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A brief history of the San Jose Missions

And you thought the Mariners' first major league season was rough.

Sometimes, a ballpark can make or break a team. At least, that's how it went for the Sacramento Solons, who were uprooted from Charles C. Hughes Stadium when the venue was required to undergo earthquake proofing in 1977. The renovations were expected to cut into the Solons' season, and with no other suitable park available in Sacramento, club owner Bob Piccinini had his back against the wall.

The solution was an unusual one. The Solons were leased to San Jose Bees' owner Bob Gagliardi for two years, who was eager to replace his Class-A team with a higher caliber of minor league baseball players. The team donned the moniker "Missions" and took on a new major-league affiliate in the form of the 1977 Oakland A's. Meanwhile, the Solons' owner petitioned the city to build a ballpark up to PCL standards. If they could do it within three years, the Missions would be contractually obligated to return to the state capital. If not, they would be permanently stationed in San Jose.

During their first year of operations, the Missions pulled an average of 3,000 fans to San Jose Municipal Stadium every night. As a sign of goodwill toward the newly-minted Seattle Mariners, they filled several roster spots with Seattle recruits. Despite the team's popularity, Oakland head honcho Charles O. Finley left his Triple-A skipper scrambling to put out consistent lineups. By the three-quarter mark of the season, Finley had ferried players to the big leagues over 40 times.

"We have to remember the big club comes first," manager Rene Lachemann told the Ellensburg Daily Record's Gordon Sakamoto. "That's the way it is in Triple-A."

When the Missions hit the bottom of the standings at the end of their first year, San Jose released the A's from their affiliation and picked up the rest of the Mariners' Triple-A squad. It marked the first time that the one-year-old club had a Triple-A affiliate under its direction.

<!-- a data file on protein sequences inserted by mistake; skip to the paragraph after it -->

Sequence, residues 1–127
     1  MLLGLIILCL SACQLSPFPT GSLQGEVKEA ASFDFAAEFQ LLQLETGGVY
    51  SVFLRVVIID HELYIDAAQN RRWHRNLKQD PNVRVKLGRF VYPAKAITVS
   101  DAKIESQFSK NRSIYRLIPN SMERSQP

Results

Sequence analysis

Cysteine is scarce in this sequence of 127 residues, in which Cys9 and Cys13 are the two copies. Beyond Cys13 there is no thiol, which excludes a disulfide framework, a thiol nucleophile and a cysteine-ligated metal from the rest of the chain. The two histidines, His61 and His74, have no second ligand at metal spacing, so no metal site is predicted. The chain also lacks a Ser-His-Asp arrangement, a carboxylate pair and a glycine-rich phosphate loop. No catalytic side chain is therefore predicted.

Lachemann stayed on to assist the fledgling Mariners, guiding them to a 53-87 record that fell 11 wins short of their predecessors' last-place finish. Wedged in the middle of the season was a four-hitter by Spokane Indian Bob Galasso, who shut down the Missions 15-2 with 11 strikeouts. Just four days earlier, San Jose right-hander Frank MacCormack had led the club to a 12-1 victory against the Salt Lake City Gulls, allowing only four hits during his outing. Within the next four years, both the Indians and the Gulls would find themselves under the Mariners' banner.

By season's end, the Missions sat third place in the league with 177 stolen bases, second with a .969 fielding percentage, and first with an even 700 strikeouts (by their pitching staff, though their batters also finished first with 757 whiffs at the plate). Unfortunately for management's hopes of establishing a profitable franchise in San Jose, the Missions' dismal performance and low attendance numbers prevented the team from taking root. Since there was no ballpark to return to in Sacramento, the team was sold to Utah truck driver Dennis Job for a cool $175,000. Job brought the Missions to Ogden, Utah, where they picked up a new contract with the Athletics and started afresh as the Ogden A's. Back in San Jose, the Mariners teamed up with the California League, moving their Single-A club into San Jose Municipal Stadium and retaining the name "San Jose Missions."

As for Seattle's Triple-A regiment, they packed their bags for a spot closer to home -- the Spokane Indians' Fairground Park.

San Jose Trivia

  • Notable Missions: Juan Bernhardt, Bill Plummer, and Dick Pole.
  • While the Solons were stationed in Sacramento, they drew some consternation from the league due to an abnormally short left field fence -- only 251 feet from home plate.
  • Before the Missions were established in San Jose, Joe Gagliardi considered a potential relocation to Stockton, California. However, Stockton was equipped with only one lighted baseball field (all others were designated for softball), and the Missions would have had to coordinate the use of the field with several youth teams in the city.
  • In 1978, 24-year-old outfielder and one-time pitcher Puchy Delgado led the team with seven triples, 55 walks, and 49 stolen bases. When he was called up to the majors in September, however, Puchy eked out just four hits in 13 games, ending his major-league career with a beautiful, golden sombrero.